Hurricane Iota: death toll rises, several villages cut off

Managua/Tegucigalpa, Nicaragua - In the widespread devastation left behind by hurricane Iota, the number of people killed in Central America and Colombia rose to 49.

An El Salvadorian rescue team navigates through a flooded street.
An El Salvadorian rescue team navigates through a flooded street.  © imago images/ZUMA Wire

According to local authorities, 21 deaths were recorded in Nicaragua. In neighboring Honduras, the death toll was 16. The 12 remaining victims came from Guatemala, Panama, Columbia, and El Salvador after the powerful hurricane Iota made landfall on Monday.

On Thursday, after the storm eased, the situation remained dangerous for many people and areas in Honduras were still being evacuated.

In many places, the soil had already been saturated with water as a result of hurricane Eta sweeping over the region two weeks before, creating conditions that led to landslides when Iota hit. In addition, many areas were already underwater from Eta and were impacted again this week.

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Aid workers tried to reach several villages that were cut off and lacking food and drinking water, a spokesperson for the Honduran civil protection authority told radio station HRN .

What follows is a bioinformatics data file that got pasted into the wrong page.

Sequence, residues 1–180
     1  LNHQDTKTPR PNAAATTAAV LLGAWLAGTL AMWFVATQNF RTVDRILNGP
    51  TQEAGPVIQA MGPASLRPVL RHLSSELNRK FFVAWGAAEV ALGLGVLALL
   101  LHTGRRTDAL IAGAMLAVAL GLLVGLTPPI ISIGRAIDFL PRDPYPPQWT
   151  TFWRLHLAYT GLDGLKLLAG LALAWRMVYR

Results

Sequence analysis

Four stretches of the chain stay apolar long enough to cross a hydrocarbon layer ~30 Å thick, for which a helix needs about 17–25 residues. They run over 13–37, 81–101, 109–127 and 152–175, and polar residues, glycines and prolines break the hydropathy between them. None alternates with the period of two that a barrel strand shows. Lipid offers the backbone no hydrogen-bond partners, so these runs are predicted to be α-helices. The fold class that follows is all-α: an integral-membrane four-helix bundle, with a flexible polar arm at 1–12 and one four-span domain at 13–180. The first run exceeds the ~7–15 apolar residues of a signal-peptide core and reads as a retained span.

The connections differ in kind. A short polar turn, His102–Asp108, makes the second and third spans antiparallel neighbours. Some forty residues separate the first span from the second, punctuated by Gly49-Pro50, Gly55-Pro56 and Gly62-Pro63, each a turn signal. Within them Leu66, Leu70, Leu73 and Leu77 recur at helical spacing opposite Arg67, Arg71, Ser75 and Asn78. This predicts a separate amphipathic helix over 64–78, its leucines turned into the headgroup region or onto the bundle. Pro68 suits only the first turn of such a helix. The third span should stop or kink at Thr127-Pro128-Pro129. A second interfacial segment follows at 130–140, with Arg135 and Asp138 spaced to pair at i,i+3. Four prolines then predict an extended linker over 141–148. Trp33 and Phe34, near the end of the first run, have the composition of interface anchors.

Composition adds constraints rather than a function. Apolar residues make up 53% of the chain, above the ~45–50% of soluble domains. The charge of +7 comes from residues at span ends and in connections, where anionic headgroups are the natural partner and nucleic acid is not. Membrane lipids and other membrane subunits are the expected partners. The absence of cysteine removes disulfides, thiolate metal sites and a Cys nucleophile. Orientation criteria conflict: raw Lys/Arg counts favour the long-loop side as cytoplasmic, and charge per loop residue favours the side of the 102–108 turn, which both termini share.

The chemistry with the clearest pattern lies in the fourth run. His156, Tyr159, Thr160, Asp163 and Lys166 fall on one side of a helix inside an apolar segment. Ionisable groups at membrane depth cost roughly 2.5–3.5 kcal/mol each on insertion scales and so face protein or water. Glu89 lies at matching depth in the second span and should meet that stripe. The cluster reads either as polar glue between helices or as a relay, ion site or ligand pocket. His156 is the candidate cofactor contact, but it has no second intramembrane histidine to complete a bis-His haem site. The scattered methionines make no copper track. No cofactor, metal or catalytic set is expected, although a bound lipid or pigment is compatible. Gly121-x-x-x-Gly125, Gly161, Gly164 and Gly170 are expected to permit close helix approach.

Hundreds of thousands of people are living in temporary shelters.

Consequence of climate change: Iota is already the 30th hurricane of 2020

A flooded street in the area of La Lima.
A flooded street in the area of La Lima.  © imago images/ZUMA Wire

Eta hit Nicaragua on November 3 as a Category Four hurricane, killing at least 174 people, 74 of them in Honduras and 46 in Guatemala.

Some 100 residents of a village in Guatemala that was buried in a landslide were still missing. Thousands of families lost their homes and 1.5 million people were in urgent need of humanitarian aid even before Iota arrived, according to the children's charity World Vision.

Iota was the 30th storm of 2020 that was strong enough to be given a name – the previous record was 28 in 2005. This year's hurricane season has been so intense that the 21 names set aside for destructive weather events have long since been used up.

Meteorologists are using the Greek alphabet for the first time in 15 years.

According to experts, the increasing frequency and force of tropical cyclones is a consequence of climate change.

Cover photo: imago images/ZUMA Wire

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